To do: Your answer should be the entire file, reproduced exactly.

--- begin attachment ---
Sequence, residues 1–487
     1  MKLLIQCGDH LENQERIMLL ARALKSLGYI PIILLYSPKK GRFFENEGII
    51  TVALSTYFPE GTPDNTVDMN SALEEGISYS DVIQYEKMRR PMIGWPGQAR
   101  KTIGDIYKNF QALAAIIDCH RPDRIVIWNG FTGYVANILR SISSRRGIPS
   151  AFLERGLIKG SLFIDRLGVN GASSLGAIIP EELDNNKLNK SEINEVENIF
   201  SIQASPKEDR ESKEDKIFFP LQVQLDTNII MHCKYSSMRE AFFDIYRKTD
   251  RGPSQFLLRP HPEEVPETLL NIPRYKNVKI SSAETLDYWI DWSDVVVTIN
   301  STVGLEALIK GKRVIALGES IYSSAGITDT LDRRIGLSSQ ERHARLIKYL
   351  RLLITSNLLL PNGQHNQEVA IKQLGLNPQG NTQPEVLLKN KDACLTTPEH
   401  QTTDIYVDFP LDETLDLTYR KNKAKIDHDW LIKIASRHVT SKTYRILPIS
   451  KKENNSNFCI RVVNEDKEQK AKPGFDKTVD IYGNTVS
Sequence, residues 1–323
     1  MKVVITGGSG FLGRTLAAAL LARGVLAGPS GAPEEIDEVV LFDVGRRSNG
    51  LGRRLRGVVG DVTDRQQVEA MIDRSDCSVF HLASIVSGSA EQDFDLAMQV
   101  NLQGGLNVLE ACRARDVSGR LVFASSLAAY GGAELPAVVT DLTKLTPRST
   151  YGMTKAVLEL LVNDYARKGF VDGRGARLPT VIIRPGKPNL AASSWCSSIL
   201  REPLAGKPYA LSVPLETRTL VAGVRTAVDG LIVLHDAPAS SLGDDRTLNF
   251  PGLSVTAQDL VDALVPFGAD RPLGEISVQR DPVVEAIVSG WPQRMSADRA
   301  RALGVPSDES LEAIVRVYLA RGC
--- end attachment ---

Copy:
Sequence, residues 1–487
     1  MKLLIQCGDH LENQERIMLL ARALKSLGYI PIILLYSPKK GRFFENEGII
    51  TVALSTYFPE GTPDNTVDMN SALEEGISYS DVIQYEKMRR PMIGWPGQAR
   101  KTIGDIYKNF QALAAIIDCH RPDRIVIWNG FTGYVANILR SISSRRGIPS
   151  AFLERGLIKG SLFIDRLGVN GASSLGAIIP EELDNNKLNK SEINEVENIF
   201  SIQASPKEDR ESKEDKIFFP LQVQLDTNII MHCKYSSMRE AFFDIYRKTD
   251  RGPSQFLLRP HPEEVPETLL NIPRYKNVKI SSAETLDYWI DWSDVVVTIN
   301  STVGLEALIK GKRVIALGES IYSSAGITDT LDRRIGLSSQ ERHARLIKYL
   351  RLLITSNLLL PNGQHNQEVA IKQLGLNPQG NTQPEVLLKN KDACLTTPEH
   401  QTTDIYVDFP LDETLDLTYR KNKAKIDHDW LIKIASRHVT SKTYRILPIS
   451  KKENNSNFCI RVVNEDKEQK AKPGFDKTVD IYGNTVS
Sequence, residues 1–323
     1  MKVVITGGSG FLGRTLAAAL LARGVLAGPS GAPEEIDEVV LFDVGRRSNG
    51  LGRRLRGVVG DVTDRQQVEA MIDRSDCSVF HLASIVSGSA EQDFDLAMQV
   101  NLQGGLNVLE ACRARDVSGR LVFASSLAAY GGAELPAVVT DLTKLTPRST
   151  YGMTKAVLEL LVNDYARKGF VDGRGARLPT VIIRPGKPNL AASSWCSSIL
   201  REPLAGKPYA LSVPLETRTL VAGVRTAVDG LIVLHDAPAS SLGDDRTLNF
   251  PGLSVTAQDL VDALVPFGAD RPLGEISVQR DPVVEAIVSG WPQRMSADRA
   301  RALGVPSDES LEAIVRVYLA RGC